Whether the healing of the centurion's servant took place before or after this retirement is uncertain; but from the fact that both St. Matthew and St. Luke place it in close connection with the Sermon on the Mount, we may suppose that the thronging of the multitudes to seek Him, even in desert places, may have shown him that it would not be possible for Him to satisfy the scruples of the Legalists by this temporary retirement from human intercourse.

        Our Lord had barely reached the town of Capernaum, where He had fixed His temporary home, when He was met by a deputation of Jewish elders—probably the batlanîm of the chief synagogue—to intercede with Him on behalf of a centurion, whose faithful and beloved slave lay in the agony and peril of a paralytic seizure. It might have seemed strange that Jewish elders should take this amount of interest in one who, whether a Roman or not, was certainly a heathen, and may not even have been a "proselyte of the gate." They explained, however, that not only did he love their nation—a thing most rare in a Gentile, for, generally speaking, the Jews were regarded with singular detestation—but had even, at his own expense, built them a synagogue, which, although there must have been several in Capernaum, was sufficiently beautiful and conspicuous to be called "the synagogue." The mere fact of their appealing to Jesus shows that this event belongs to an early period of His ministry, when myriads looked to him with astonishment and hope, and before the deadly exasperation of after days had begun. Christ immediately granted their request. "I will go," he said, "and heal him." But on the way they met other messengers from the humble and devout centurion, entreating Him not to enter the unworthy roof of a Gentile, but to heal the suffering slave (as He had healed, the son of a courtier) by a mere word of power. As the centurion, though in a subordinate office, yet had ministers ever ready to do his bidding, so could not Christ bid viewless messengers to perform His will, without undergoing this personal labour? The Lord was struck by so remarkable a faith, greater than any which He had met with even in Israel. He had found in the oleaster what He had not found in the olive; and He drew from this circumstance the lesson, which fell with such a chilling and unwelcome sound on Jewish ears, that when many of the natural children of the kingdom should he cast into outer darkness, many should come from the East and the West, and sit down with Abraham and Isaac and Jacob in the kingdom of heaven. But the centurion's messengers found on their return that the healing word had been effectual and that the cherished slave had been restored to health.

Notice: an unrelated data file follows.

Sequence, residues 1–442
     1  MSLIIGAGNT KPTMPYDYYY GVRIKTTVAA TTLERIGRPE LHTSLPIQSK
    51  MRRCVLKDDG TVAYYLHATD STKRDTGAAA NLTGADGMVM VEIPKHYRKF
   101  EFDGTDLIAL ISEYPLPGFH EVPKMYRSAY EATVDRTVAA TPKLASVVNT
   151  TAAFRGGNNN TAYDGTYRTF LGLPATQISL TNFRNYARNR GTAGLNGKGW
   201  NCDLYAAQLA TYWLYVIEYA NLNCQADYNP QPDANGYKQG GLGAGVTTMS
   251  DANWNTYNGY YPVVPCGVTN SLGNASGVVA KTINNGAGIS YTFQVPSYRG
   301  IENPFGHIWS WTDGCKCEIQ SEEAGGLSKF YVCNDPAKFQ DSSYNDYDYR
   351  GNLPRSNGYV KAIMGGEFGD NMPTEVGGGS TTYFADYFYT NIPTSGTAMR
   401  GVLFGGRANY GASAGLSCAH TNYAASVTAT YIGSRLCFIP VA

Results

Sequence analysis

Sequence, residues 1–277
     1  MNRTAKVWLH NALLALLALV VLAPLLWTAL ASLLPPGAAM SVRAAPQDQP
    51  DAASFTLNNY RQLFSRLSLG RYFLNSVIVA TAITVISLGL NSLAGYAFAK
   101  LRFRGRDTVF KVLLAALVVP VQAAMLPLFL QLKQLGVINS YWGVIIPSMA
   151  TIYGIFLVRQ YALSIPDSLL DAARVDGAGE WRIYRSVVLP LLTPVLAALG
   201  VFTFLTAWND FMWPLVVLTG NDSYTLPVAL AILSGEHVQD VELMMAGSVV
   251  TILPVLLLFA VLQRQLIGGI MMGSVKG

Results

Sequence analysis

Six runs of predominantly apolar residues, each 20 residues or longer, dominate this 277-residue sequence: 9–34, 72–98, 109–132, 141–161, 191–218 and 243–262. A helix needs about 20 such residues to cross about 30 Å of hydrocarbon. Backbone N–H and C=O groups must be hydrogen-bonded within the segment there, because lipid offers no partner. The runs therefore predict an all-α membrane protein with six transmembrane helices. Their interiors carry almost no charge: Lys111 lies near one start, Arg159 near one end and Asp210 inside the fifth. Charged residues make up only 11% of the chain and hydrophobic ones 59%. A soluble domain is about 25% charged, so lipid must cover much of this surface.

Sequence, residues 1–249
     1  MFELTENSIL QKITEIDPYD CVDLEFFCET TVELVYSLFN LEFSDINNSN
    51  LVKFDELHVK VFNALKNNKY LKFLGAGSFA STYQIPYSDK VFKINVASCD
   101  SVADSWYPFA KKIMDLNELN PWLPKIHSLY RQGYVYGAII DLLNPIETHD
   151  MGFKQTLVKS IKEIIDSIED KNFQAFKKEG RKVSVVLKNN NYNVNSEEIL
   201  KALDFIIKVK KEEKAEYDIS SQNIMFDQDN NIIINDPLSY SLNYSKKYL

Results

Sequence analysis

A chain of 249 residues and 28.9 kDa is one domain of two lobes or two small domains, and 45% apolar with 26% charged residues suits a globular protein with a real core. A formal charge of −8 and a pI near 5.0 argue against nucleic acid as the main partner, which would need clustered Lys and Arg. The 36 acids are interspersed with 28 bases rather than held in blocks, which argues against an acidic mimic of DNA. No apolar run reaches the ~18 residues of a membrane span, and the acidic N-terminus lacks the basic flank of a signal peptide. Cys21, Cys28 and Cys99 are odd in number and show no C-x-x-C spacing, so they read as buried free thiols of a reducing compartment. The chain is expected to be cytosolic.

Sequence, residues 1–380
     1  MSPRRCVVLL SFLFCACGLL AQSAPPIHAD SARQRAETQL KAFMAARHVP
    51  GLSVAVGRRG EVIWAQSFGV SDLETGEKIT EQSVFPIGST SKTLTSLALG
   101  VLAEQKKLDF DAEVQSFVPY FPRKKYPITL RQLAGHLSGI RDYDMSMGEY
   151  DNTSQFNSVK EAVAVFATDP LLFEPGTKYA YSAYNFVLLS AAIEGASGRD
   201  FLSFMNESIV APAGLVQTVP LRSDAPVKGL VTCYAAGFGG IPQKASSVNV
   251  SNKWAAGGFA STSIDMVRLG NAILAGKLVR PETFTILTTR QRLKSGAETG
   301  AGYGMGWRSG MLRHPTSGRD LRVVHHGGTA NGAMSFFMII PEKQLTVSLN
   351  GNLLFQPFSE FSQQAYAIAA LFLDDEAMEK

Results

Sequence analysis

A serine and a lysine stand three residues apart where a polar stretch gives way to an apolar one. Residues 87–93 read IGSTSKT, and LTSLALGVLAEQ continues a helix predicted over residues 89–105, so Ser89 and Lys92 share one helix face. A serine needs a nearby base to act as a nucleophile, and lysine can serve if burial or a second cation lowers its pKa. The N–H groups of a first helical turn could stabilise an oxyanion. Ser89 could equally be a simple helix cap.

It is not strange that, after days as marvellous as these, it was impossible for Jesus to find due repose. From early dawn on the mountain-top to late evening in whatever house He had selected for His nightly rest, the multitudes came crowding about Him, not respecting His privacy, not allowing for His weariness, eager to see him, eager to share His miracles, eager to listen to His words. There was no time even to eat bread. Such a life is not only to the last degree trying and fatiguing, but to a refined and high-strung nature, rejoicing in noble solitude, finding its purest and most perfect happiness in lonely prayer, this incessant publicity, this apparently illimitable toil becomes simply maddening, unless the spirit be sustained by boundless sympathy and love. But the heart of the Saviour was so sustained. It is probably to this period that the remarkable anecdote belongs which is preserved for us by St. Mark alone. The kinsmen and immediate family of Christ, hearing of all that He was doing, came from their home—perhaps at Cana, perhaps at Capernaum—to get possession of His person, to put Him under constraint. Their informants had mistaken the exaltation visible in all His words and actions—the intense glow of compassion—the burningflame of love; they looked upon it as over-excitement, exaggerated sensibility, the very delirium of beneficence and zeal. To the world there has ever been a tendency to confuse the fervour of enthusiasm with the eccentricity of a disordered genius. "Paul, thou art mad," was the only comment which the Apostle's passion of exalted eloquence produced on the cynical and blasé intellect of the Roman Procurator. "He hath a devil," was the inference suggested to many dull and worldly hearers after some of the tenderest and divinest sayings of our Lord. "Brother Martin has a fine genius," was the sneering allusion of Pope Leo X. to Luther. "What crackbrained fanatics," observed the fine gentlemen of the eighteenth century when they spoke of Wesley and Whitefield. Similar, though not so coarse, was the thought which filled the mind of Christ's wondering relatives, when they heard of this sudden and amazing activity, after the calm seclusion of thirty unknown and unnoticed years. As yet they were out of sympathy with Him; they knew him not, did not fully believe in Him; they said, "He is beside Himself." It was needful that they should be henceforth taught by several decisive proofs that He was not of them; that this was no longer the Carpenter, the brother of James and Joses and Judas and Simon, but the Son of God, the Saviour of the world.